Currently I’m in the process of quantifying leopard numbers in the concession. This has proven not to be an easy task which requires a lot of time to plan and acquire proper equipment. Firstly we had to purchase equipment from the United States, but then had to wait for two weeks for the cameras to be released from the customs services at the airport.
After receiving the cameras, I had to make a decision to put up the cameras in the field and run the risk of having hyenas and elephants crush them to unidentifiable pieces or to make steel boxes to try and protect them. I decided to take the latter. I asked around to find a suitable person to make the units for me, but they were all beyond my budget. As a result, I went on to try and make my own unit pictured below. It didn’t look like it was going to work properly even though I had every intention to put it to the test (I thought it was work of art!!!).
Then my colleagues talked some sense to me to try and get someone to make the boxes for me. That’s when Mr. Mtungwa came in to the picture. He was kind enough to offer to make the boxes at a reasonable price per unit.
I am preparing the camera traps
The next step was to try the cameras out in the field. I was curious to see how the cameras worked and to see if I can use them to estimate leopard densities using the mark-and recapture methods in the concession. I spent three days with a very experienced Glass Marimane, the Head Tracker at Singita. He managed to show me the exact places where leopards were spotted in the last four years and where we were likely to capture leopards. We then put the traps in those areas to test the effectiveness of the cameras.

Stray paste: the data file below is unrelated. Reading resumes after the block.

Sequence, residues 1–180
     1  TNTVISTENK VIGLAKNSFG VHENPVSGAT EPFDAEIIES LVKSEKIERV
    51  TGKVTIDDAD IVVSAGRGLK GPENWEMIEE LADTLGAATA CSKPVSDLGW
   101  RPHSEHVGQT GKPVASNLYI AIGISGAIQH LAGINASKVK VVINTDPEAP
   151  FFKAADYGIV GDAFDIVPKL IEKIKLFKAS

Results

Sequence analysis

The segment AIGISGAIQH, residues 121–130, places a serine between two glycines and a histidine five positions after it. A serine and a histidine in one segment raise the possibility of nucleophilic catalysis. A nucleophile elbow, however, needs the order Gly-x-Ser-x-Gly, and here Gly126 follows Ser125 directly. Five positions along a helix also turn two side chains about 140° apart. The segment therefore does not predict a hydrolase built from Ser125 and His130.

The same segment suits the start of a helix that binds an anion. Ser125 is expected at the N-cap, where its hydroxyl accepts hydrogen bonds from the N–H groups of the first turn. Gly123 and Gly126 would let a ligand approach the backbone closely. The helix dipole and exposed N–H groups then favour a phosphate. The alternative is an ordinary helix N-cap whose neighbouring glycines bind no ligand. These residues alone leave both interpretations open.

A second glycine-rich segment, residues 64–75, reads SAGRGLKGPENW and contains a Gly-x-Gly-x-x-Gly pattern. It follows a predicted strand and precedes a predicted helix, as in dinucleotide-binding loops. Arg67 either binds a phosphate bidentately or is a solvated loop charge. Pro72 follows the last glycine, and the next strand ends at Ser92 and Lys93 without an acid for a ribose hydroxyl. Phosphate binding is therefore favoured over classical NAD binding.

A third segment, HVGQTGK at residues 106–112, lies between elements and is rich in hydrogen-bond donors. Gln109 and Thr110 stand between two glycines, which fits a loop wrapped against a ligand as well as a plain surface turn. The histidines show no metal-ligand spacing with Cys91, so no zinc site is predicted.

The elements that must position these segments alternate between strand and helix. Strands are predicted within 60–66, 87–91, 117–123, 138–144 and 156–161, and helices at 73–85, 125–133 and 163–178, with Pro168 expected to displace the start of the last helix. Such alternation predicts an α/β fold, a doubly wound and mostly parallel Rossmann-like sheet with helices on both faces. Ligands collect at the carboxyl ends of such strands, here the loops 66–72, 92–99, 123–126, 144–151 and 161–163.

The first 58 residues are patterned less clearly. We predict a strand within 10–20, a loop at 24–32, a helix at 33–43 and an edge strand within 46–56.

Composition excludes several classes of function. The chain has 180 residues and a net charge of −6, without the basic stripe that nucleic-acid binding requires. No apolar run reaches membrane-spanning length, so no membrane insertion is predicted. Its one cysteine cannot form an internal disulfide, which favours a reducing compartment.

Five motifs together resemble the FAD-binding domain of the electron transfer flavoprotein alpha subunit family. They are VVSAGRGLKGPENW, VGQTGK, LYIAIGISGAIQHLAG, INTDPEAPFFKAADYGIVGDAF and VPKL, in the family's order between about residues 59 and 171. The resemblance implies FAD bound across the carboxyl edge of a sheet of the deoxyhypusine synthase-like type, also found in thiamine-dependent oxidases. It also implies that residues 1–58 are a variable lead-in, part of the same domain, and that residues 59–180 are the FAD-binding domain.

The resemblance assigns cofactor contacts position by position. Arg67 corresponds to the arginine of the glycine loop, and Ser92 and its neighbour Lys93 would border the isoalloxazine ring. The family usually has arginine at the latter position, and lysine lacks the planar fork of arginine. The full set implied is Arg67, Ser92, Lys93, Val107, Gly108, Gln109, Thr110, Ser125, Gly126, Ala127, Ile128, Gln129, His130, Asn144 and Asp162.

The camera traps work!
Nakedi joined AWF in 2007, working in the Limpopo region, where he's from. Nakedi's initial work was focused on studying the great cats to shape conservation strategies to benefit communities he's known all his life. In 2014, Nakedi moved on from the Limpopo region, becoming AWF’s Congo landscape ecologist.
AWF Blogs bring you to the critical landscapes we work in, where conservation benefits both wildlife and people alike. The blogs are written by our staff - men and women who have dedicated their lives to Africa's wildlife, people and wild lands.
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